He’s a smart guy. Check out his blog.
Finally someone said what I’ve been thinking about this constant call to civility:
Have we transformed into so brittle a citizenry that we are unable to handle a raucous debate over the future of the country? If things were quiet, subdued and “civil” in America today, as Pelosi surely wishes, it would only be proof that democracy wasn’t working. (Please read the whole article.)
Sure, Pelosi wishes that everyone would behave already, but it is also often conservatives and others arguing over the proper way of dissenting rather than just dissenting already. There seems to be a practical meltdown in areas of the conservative blogosphere over comportment… the theory seeming to be that passion is off-putting to the all-important center. In order to win, therefore, we need to be bland.
Frankly, I think that other than those in power who would rather not be bothered by opposition, it’s only people without ideas who are arguing over civility.
The “right” to free health care is the right to own the labor of other people without their consent.
Any time you’ve got a right TO something like that you take the rights of other people to their own selves and their own freedom away.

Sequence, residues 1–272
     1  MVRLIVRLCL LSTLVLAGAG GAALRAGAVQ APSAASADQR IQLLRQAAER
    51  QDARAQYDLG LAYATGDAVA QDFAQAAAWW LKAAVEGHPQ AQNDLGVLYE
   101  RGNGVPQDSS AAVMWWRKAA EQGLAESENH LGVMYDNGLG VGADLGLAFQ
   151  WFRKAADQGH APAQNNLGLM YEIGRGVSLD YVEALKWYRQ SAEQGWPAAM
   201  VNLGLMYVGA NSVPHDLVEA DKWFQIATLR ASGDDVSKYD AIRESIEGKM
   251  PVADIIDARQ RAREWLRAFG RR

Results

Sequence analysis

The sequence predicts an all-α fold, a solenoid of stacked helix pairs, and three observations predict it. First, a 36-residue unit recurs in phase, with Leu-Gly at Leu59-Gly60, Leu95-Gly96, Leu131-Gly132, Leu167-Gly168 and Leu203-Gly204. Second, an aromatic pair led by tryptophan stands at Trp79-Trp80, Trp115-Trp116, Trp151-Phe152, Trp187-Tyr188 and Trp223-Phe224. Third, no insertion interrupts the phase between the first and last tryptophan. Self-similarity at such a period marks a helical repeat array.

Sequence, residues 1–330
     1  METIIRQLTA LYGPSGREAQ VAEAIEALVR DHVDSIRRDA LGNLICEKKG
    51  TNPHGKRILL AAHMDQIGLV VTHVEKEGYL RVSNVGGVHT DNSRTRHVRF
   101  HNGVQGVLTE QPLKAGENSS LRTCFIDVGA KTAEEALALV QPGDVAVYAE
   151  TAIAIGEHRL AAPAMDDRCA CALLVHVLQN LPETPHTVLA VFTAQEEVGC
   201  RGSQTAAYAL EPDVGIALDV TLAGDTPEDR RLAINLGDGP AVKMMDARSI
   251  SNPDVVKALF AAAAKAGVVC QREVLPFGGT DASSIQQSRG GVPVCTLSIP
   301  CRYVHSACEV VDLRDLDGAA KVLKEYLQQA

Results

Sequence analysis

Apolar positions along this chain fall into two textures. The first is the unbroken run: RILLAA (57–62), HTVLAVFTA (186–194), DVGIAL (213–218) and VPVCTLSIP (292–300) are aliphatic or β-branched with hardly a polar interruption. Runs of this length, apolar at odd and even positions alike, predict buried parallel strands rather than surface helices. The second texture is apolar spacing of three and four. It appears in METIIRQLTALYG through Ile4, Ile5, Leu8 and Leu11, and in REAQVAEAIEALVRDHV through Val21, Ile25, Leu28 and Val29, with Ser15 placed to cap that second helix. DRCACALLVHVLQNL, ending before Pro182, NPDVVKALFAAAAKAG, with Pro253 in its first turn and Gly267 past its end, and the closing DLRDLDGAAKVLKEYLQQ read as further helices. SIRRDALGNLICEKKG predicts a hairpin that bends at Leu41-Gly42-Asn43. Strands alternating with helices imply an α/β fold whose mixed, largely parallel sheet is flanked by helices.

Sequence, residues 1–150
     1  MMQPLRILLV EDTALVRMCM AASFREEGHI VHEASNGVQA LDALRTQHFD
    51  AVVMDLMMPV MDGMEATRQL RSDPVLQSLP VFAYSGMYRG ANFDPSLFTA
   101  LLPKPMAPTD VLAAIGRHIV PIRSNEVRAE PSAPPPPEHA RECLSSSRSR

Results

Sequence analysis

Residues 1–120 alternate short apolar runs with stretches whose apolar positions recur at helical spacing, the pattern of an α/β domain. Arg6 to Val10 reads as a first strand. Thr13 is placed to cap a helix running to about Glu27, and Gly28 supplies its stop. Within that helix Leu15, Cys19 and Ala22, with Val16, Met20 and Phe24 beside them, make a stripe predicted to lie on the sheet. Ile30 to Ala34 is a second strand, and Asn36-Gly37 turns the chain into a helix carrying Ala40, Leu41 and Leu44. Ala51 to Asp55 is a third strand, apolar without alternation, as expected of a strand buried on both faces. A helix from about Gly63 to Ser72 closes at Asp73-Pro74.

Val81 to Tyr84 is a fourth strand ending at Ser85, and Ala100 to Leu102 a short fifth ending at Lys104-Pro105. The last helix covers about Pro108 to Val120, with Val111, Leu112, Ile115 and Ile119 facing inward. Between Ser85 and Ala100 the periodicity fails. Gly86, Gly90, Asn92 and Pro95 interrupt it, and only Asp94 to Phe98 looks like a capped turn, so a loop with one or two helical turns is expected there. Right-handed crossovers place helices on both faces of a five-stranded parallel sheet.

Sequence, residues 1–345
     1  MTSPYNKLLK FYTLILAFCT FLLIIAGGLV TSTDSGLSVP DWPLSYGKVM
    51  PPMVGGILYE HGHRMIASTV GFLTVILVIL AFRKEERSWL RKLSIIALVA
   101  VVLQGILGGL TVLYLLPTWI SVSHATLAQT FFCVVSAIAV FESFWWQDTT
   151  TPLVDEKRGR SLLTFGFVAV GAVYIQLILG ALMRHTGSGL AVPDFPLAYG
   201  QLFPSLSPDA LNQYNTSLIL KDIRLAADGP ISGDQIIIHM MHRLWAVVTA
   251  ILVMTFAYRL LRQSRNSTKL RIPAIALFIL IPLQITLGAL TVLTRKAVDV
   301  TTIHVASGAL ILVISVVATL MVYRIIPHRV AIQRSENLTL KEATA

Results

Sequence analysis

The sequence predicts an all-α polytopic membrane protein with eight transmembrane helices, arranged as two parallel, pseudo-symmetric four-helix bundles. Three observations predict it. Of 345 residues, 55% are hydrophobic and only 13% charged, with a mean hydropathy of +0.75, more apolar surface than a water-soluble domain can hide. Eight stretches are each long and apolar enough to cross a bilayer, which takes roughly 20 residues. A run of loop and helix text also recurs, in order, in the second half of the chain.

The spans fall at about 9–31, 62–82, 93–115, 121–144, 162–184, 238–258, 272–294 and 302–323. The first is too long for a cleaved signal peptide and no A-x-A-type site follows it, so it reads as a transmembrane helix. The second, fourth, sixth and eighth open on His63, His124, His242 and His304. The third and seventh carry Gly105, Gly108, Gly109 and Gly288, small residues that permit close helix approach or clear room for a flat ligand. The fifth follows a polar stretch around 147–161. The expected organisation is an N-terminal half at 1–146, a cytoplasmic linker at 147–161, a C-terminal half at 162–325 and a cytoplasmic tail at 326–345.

The libertarian idea, as I understand it, is that your rights end where they intersect another person. I have a right to “pursue happiness” to make my way in the world, to worship my own God, to feed myself, to supply my physical and other needs, rights to my own body and self-determination, rights to my own property, rights to employ violence to defend my rights (which is pretty much a good way to define what is a right and what is *not*)… just up *until* I intersect another human being. I may not take someone else’s food nor compel their labor nor sacrifice them to my God nor otherwise violate *their* rights in the pursuit of my own.
From The Other McCain at Hot Air:
“Now, here’s my idea: I told my source to give my phone number to . . . uh, two sources in Wasilla, Alaska, if you get my drift. Because I’ve made my living as a professional journalist since 1986, I’m not really so good at this newfangled making-stuff-up business, but I’d be willing to give it a try:”
What passes for moral clarity
Creating a human embryo for the purpose of experimentation and destruction = Good.
Creating a human embryo for the purpose of creating a born human person = Bad.
Also, some argue that Obama’s statements opposing human cloning are misleading. Derrick Jones, spokesman for the National Right to Life Committee, said the administration has left the door open to create, and then destroy, embryos through cloning for the sole purpose of harvesting stem cells.
And he’s right. If a person believes that we ought to worry about it or not, this is what happens. An embryo, quite often a clone, is created and then destroyed. The difference is that we don’t value that bit of cells, not that we don’t agree with cloning. Nothing at all wrong with cloning if the clone is destroyed.
So what is it that makes anyone who approves of the clone and destroy method, disapprove of the clone and birth method? Obama seems to think that the difference is crystal.